Patients with Gout and Chronic Kidney Disease May Benefit from Integrated Disease Management Approaches
Orlando, FL—April 19, 2017—A large-scale study examining the link between uncontrolled gout and the progression of chronic kidney disease (CKD) suggests that using an integrated disease management approach may help prevent the progression of CKD in these patients. The new research, presented at National Kidney Foundation’s 26th annual Spring Clinical Meetings in Orlando, Florida, used data from the National Health and Nutrition Examination Survey (NHANES).
“We believe these results underline the importance of evaluating the serum uric acid status of patients with chronic kidney disease and gout,” said Jean Jiyoung Lim, Tufts University School of Medicine, DrPH Student.
The objective of the study “Prevalence of CKD and Uncontrolled Gout Among U.S. Adults: Results from NHANES 2007-2012”, was to characterize serum uric acid levels in patients with CKD and gout. Data from 15,868 participants aged 20 years and older in NHANES from 2007-2012 were used to estimate the prevalence of CKD among gout patients, serum uric acid, and xanthine oxidase inhibitors treatment (allopurinol and febuxostat). A substantial portion of CKD patients with gout, who are not on xanthine oxidase inhibitors, are uncontrolled which implies that such patient population may benefit from an integrated disease management approach to potentially slow the progression of renal disease. These findings highlight the prevalence of gout and uncontrolled gout in the CKD population in the U.S.
The National Health and Nutrition Examination Survey (NHANES) is a program of studies designed to assess the health and nutritional status of adults and children in the United States. The survey is unique in that it combines interviews and physical examinations.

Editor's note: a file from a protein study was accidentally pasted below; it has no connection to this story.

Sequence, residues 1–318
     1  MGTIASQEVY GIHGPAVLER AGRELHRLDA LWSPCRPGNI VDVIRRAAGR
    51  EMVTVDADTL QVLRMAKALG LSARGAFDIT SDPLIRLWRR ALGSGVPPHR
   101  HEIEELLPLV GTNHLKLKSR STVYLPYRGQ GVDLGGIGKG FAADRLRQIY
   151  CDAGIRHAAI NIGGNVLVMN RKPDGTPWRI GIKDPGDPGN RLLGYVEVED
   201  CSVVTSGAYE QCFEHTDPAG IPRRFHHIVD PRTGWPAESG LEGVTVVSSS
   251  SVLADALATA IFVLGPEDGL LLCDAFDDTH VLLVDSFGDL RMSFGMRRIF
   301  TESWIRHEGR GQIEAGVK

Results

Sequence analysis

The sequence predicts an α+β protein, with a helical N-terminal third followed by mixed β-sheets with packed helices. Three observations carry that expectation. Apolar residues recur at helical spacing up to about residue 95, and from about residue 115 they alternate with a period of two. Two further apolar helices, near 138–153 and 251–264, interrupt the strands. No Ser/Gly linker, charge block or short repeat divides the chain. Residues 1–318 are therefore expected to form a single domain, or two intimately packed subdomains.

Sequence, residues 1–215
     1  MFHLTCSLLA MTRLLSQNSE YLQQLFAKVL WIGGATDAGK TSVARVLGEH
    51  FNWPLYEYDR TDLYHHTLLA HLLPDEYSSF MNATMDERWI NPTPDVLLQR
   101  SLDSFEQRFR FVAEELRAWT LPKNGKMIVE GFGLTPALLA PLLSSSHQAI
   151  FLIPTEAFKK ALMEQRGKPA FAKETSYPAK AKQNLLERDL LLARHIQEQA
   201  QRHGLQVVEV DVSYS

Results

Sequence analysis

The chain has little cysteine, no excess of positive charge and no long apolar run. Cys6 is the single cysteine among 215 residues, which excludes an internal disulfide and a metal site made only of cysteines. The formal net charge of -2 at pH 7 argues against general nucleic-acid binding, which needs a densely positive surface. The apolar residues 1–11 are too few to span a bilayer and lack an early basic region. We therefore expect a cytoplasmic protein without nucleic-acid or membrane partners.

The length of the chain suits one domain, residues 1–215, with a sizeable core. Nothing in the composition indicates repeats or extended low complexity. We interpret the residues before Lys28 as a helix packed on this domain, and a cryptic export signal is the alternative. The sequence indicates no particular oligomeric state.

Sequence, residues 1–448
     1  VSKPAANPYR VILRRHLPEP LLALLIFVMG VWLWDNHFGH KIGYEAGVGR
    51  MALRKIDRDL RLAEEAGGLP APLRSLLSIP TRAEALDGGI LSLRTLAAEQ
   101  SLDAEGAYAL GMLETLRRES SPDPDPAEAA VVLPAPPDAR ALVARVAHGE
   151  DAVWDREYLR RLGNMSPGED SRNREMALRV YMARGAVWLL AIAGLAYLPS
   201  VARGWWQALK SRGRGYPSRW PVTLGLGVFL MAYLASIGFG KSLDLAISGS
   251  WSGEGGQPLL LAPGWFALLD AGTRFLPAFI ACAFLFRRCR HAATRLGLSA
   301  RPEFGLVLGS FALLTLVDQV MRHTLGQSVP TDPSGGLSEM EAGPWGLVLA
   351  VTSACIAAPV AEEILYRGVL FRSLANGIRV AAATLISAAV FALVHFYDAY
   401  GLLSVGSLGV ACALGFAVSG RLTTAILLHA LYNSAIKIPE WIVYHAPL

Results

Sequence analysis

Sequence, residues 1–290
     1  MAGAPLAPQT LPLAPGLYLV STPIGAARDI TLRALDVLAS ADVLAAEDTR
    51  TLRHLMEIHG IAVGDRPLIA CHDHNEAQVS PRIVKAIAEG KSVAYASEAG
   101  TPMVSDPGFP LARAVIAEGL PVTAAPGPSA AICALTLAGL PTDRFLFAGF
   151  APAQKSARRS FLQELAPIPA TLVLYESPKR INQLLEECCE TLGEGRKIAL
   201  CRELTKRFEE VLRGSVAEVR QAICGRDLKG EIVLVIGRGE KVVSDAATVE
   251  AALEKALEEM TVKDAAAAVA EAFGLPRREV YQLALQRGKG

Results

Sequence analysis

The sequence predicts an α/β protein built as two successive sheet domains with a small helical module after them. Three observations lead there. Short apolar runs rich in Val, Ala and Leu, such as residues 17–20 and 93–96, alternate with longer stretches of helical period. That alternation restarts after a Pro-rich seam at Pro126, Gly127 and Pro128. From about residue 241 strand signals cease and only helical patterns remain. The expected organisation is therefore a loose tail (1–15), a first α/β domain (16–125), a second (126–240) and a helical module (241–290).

The new research was presented today during the National Kidney Foundation 2017 Spring Clinical Meetings in Orlando, FL held from April 18-22. For the past 26 years, nephrology healthcare professionals from across the country have come to the NKF Spring Clinical Meetings to learn about the newest developments related to all aspects of nephrology practice, network with colleagues, and present their research findings. The NKF Spring Clinical Meetings are designed for meaningful change in the multidisciplinary healthcare teams’ skills, performance, and patient health outcomes. It is the only conference of its kind that focuses on translating science into practice for the entire healthcare team.
Kidney Disease Facts
1 in 3 American adults is at risk for kidney disease. 26 million American adults have kidney disease—and most aren’t aware of it. Risk factors for kidney disease include diabetes, high blood pressure, family history, and age 60+. People of African American; Hispanic; Native American; Asian; or Pacific Islander descent are at increased risk for developing the disease. African Americans are 3 ½ times more likely, and Hispanics 1 ½ times more likely, to experience kidney failure.
The National Kidney Foundation (NKF) is the largest, most comprehensive and longstanding organization dedicated to the awareness, prevention and treatment of kidney disease. For more information about NKF visit www.kidney.org.